Read time: 5 minutes

Don't Blame Trump For The GOP's Climate Denialism

Donald Trump is a climate denier, but he got in line behind a long, long list of Republicans spewing Republican orthodoxy.
Views:

There's a great deal of climate change denialism in Republican Party, and The Washington Post's Matt Viser says it's all Donald Trump's fault:

As President Trump’s rejection of climate science isolates the United States on the world stage, illustrated by the small U.S. delegation dispatched to this week’s United Nations climate summit in Poland, he has also presided over a transformation in the Republican Party — placing climate change skepticism squarely in the GOP’s ideological mainstream.

Yes, according to Viser, "the two major political parties ... not long ago largely shared a fundamental view on the challenges posed by climate change," but then Trump came along and everything changed.

Examples of this change, according to Viser?

Sen.-elect Marsha Blackburn of Tennessee said falsely in the lead-up to her campaign that the Earth has started to cool, and argued inaccurately that scientists have not reached a consensus on climate change.

In Florida, which has been pummeled by hurricanes, Sen.-elect Rick Scott has acknowledged rising and warmer seas could be harmful to his state but won’t attribute it to human activity.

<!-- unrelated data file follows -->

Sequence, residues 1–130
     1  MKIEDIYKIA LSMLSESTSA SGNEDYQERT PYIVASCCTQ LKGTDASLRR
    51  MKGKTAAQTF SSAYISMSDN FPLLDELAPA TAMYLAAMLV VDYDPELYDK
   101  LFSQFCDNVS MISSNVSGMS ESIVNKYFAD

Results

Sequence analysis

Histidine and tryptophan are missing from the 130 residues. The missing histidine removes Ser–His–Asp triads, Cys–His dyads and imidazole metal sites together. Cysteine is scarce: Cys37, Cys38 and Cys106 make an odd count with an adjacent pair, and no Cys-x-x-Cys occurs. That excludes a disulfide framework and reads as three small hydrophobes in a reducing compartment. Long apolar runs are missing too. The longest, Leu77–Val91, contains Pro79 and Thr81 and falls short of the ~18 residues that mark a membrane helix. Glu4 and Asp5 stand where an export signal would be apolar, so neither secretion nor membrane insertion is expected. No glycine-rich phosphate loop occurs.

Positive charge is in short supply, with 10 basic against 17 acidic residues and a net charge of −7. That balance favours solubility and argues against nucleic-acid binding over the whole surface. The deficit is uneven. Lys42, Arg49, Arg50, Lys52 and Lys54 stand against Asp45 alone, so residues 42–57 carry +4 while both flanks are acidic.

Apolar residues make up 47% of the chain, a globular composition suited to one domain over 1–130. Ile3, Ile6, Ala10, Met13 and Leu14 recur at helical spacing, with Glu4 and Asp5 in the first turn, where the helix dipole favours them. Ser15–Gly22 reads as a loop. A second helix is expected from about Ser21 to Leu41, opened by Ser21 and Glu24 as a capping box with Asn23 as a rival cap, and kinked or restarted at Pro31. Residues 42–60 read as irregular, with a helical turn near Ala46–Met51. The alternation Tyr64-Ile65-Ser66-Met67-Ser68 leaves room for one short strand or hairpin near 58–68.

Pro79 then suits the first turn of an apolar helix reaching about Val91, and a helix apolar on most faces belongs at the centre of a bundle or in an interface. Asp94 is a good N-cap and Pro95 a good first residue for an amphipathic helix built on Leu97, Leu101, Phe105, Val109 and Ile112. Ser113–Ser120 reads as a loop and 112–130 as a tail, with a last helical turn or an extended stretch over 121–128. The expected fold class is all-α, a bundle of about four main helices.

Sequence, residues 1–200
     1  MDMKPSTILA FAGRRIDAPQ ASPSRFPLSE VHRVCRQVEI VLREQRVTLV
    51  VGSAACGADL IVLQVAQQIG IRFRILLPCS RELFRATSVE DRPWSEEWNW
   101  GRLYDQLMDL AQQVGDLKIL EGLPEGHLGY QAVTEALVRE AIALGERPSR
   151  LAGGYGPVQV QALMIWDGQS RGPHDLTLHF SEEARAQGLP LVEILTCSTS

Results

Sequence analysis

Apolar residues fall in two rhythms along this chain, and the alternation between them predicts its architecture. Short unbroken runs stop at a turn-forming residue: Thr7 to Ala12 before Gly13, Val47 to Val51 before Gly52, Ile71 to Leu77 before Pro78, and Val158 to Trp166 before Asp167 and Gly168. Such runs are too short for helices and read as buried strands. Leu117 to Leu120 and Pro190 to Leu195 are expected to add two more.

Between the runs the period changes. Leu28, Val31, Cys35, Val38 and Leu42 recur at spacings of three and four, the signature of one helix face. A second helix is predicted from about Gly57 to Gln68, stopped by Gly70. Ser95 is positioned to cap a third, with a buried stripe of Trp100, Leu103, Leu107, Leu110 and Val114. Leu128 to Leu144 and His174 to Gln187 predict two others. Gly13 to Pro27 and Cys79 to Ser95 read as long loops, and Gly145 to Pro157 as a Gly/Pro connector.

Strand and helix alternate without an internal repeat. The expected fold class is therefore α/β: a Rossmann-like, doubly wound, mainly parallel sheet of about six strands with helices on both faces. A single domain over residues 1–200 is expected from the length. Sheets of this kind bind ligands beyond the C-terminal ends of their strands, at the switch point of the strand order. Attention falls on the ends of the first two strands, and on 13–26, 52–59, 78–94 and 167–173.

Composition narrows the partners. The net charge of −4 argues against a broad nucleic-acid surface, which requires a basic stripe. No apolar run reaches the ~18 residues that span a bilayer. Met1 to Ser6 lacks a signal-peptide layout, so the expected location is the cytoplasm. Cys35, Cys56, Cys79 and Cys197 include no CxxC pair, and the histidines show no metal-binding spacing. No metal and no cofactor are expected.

And Sen. John Neely Kennedy, who is expected to announce Monday whether he will run for Louisiana governor, told reporters last week that while the Earth may be getting hotter, “I’ve seen many persuasive arguments that it’s just a continuation of the warming up from the Little Ice Age.”

Let's take those one at a time.

Is Trump to blame for Marsha Blackburn's climate denialism? No.

Blackburn rejects the scientific consensus on climate change, saying in 2015 "The jury is still out saying man is the cause for global warming, after the earth started to cool 13 years ago." ... Blackburn asserted that there is "not consensus" in the scientific community on climate change, and that climate change remains "unproven"....

In April 2009, an exchange between Blackburn and former Vice President Al Gore received significant publicity. During a congressional hearing on energy policy, Blackburn asked Gore, "The legislation that we are discussing here today, is that something that you are going to personally benefit from?" ... Gore indicated in response that all income he earned from renewable technology investment went to non-profits.


↓ Story continues below ↓

How about Rick Scott?

... in his first election in 2010, Scott clearly denied the idea of anthropogenic global warming.

“I've not been convinced that there's any man-made climate change,” Scott said then. “Nothing's convinced me that there is.”

And four years later:

Florida Gov. Rick Scott won't say whether he thinks man-made climate change is real and significant.

"I’m not a scientist," Scott said when asked about anthropogenic global warming during a Tuesday stop in Miami.

And this was reported a year after that:

Florida Department of Environmental Protection ... officials have been ordered not to use the term “climate change” or “global warming” in any official communications, emails, or reports, according to former DEP employees, consultants, volunteers and records obtained by the Florida Center for Investigative Reporting....